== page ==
IDEAS home Printed from
MyIDEAS: Log in (now much improved!) to save this paper

Promises Promises

In the classical general equilibrium model, agents keep all their promises, every good is traded, and competition prevents any agent from earning superior returns on investments in financial markets. In this paper I introduce the age-old problem of broken promises into the general equilibrium model, and I find that a new market dynamic emerges. Given the legal system and institutions, market forces of supply and demand will establish the collateral levels which are required to secure promises. Since physical collateral will typically be scarce, these collateral levels will be set so low that there is bound to be some default. Many kinds of promises will not be traded, because that also economizes on collateral. Scarce collateral thus creates a mechanism for determining endogenously which assets will be traded, thereby helping to resolve a long standing puzzle in general equilibrium theory. Finally, I shall show that under suitable conditions, in rational expectations equilibrium, some investors will be able to earn higher than normal returns on their investments. The legal system, in conjunction with the market, will be under constant pressure to expand the potential sources of collateral. This will lead to market innovation. I illustrate the theoretical points in this paper with some of my experiences on Wall Street as director of fixed income research at the firm of Kidder Peabody.

If you experience problems downloading a file, check if you have the proper application to view it first. In case of further problems read the IDEAS help page. Note that these files are not on the IDEAS site. Please be patient as the files may be large.

File URL:
Download Restriction: no

Paper provided by Cowles Foundation for Research in Economics, Yale University in its series Cowles Foundation Discussion Papers with number 1143.

in new window

Length: 32 pages
Date of creation: Dec 1996
Publication status: Published in W.B. Arthur, S.N. Durlauf and D.A. Lane, eds., The Economy as an Evolving Complex System II, Addison-Wesley, 1997, pp. 285-320
Handle: RePEc:cwl:cwldpp:1143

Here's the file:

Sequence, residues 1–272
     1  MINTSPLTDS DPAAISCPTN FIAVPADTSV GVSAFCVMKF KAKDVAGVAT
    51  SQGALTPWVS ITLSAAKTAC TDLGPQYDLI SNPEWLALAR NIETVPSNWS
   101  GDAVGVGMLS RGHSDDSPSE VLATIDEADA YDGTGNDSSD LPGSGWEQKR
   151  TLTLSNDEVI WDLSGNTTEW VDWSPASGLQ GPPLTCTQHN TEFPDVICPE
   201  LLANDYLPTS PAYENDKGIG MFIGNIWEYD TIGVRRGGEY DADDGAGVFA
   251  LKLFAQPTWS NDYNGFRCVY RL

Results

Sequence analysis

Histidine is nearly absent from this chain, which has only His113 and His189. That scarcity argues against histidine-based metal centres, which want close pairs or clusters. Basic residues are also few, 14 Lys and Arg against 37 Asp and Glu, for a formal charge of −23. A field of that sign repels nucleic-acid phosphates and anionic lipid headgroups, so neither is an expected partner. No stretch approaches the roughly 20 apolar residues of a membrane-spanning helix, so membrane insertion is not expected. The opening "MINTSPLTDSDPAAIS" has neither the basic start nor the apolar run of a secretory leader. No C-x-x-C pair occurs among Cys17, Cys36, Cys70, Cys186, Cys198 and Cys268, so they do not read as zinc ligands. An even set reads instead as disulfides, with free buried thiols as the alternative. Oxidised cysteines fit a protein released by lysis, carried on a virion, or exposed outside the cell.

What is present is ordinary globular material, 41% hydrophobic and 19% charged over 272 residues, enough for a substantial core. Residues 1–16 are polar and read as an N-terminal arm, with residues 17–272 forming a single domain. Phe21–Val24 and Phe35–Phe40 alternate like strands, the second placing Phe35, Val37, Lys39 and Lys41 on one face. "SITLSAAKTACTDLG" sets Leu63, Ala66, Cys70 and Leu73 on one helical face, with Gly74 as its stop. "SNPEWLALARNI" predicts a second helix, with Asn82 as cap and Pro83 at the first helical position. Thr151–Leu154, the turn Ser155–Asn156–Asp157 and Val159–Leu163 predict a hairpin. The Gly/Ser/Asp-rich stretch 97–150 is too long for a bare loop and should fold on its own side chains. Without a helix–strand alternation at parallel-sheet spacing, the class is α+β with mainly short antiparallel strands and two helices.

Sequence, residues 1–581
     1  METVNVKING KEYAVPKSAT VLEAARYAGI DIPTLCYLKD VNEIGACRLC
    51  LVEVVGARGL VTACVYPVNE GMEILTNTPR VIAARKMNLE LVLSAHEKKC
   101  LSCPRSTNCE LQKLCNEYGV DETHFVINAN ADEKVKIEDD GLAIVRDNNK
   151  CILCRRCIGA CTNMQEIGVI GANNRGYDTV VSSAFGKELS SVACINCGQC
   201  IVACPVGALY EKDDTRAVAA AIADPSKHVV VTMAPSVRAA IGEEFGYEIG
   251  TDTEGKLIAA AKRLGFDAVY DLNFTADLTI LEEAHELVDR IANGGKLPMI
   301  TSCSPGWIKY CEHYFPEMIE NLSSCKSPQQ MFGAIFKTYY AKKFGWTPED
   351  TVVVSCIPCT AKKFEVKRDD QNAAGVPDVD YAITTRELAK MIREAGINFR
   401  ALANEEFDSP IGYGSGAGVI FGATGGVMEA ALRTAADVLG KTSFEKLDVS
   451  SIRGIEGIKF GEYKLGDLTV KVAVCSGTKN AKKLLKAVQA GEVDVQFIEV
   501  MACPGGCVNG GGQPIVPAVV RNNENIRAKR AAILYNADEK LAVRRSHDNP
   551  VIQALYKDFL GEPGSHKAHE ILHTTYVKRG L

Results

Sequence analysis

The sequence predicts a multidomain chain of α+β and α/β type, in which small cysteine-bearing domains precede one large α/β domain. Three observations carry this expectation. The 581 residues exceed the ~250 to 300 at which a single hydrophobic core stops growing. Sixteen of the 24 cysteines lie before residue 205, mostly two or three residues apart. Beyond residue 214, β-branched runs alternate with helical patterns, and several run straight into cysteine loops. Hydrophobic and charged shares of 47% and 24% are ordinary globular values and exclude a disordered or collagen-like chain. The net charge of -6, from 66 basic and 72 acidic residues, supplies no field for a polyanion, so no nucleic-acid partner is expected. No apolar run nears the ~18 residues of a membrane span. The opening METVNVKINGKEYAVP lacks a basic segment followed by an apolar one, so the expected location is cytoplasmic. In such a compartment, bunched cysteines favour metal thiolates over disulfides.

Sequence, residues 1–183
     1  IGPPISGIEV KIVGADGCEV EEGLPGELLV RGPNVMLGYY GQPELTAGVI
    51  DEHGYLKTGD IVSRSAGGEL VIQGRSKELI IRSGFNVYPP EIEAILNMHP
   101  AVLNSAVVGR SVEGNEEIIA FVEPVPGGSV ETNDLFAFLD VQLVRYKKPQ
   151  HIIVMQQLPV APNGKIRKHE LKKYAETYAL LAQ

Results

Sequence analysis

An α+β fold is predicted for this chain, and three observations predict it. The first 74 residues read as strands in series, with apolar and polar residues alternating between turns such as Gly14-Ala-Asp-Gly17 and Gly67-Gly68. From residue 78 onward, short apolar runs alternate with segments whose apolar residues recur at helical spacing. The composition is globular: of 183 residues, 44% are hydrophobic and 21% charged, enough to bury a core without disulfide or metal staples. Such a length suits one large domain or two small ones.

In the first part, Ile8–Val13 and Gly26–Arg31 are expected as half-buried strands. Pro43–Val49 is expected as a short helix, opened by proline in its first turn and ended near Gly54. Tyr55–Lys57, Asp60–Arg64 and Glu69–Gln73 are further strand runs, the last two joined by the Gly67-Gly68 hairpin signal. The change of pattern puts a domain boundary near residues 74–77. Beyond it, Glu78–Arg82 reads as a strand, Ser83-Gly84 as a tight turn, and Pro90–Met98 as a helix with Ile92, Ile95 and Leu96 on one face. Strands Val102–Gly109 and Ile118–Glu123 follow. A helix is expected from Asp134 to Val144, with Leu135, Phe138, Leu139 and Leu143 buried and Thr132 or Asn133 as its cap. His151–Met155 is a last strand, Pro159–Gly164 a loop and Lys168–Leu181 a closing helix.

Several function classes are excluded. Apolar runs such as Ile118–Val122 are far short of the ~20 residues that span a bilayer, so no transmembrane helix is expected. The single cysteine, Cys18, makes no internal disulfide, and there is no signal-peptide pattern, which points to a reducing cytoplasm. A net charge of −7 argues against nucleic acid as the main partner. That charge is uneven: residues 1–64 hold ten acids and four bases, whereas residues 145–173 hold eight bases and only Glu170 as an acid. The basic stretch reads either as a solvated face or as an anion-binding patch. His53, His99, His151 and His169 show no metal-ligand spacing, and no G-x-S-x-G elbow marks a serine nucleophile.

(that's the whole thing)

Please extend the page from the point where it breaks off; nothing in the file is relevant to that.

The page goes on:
Note: CFP 1057.
Contact details of provider: Postal:
Yale University, Box 208281, New Haven, CT 06520-8281 USA

Phone: (203) 432-3702
Fax: (203) 432-6167
Web page:

More information through EDIRC

Order Information: Postal: Cowles Foundation, Yale University, Box 208281, New Haven, CT 06520-8281 USA

References listed on IDEAS
Please report citation or reference errors to , or , if you are the registered author of the cited work, log in to your RePEc Author Service profile, click on "citations" and make appropriate adjustments.:

in new window

  1. Kiyotaki, Nobuhiro & Moore, John, 1997. "Credit Cycles," Journal of Political Economy, University of Chicago Press, vol. 105(2), pages 211-248, April.
  2. Zame, William R, 1993. "Efficiency and the Role of Default When Security Markets Are Incomplete," American Economic Review, American Economic Association, vol. 83(5), pages 1142-1164, December.
  3. Stiglitz, Joseph E & Weiss, Andrew, 1981. "Credit Rationing in Markets with Imperfect Information," American Economic Review, American Economic Association, vol. 71(3), pages 393-410, June.
  4. Smith, Vernon L, 1972. "Default Risk, Scale, and the Homemade Leverage Theorem," American Economic Review, American Economic Association, vol. 62(1), pages 66-76, March.
Full references (including those not matched with items on IDEAS)

This item is not listed on Wikipedia, on a reading list or among the top items on IDEAS.

When requesting a correction, please mention this item's handle: RePEc:cwl:cwldpp:1143. See general information about how to correct material in RePEc.

For technical questions regarding this item, or to correct its authors, title, abstract, bibliographic or download information, contact: (Matthew C. Regan)

If you have authored this item and are not yet registered with RePEc, we encourage you to do it here. This allows to link your profile to this item. It also allows you to accept potential citations to this item that we are uncertain about.

If references are entirely missing, you can add them using this form.

If the full references list an item that is present in RePEc, but the system did not link to it, you can help with this form.

If you know of missing items citing this one, you can help us creating those links by adding the relevant references in the same way as above, for each refering item. If you are a registered author of this item, you may also want to check the "citations" tab in your profile, as there may be some citations waiting for confirmation.

Please note that corrections may take a couple of weeks to filter through the various RePEc services.

This information is provided to you by IDEAS at the Research Division of the Federal Reserve Bank of St. Louis using RePEc data.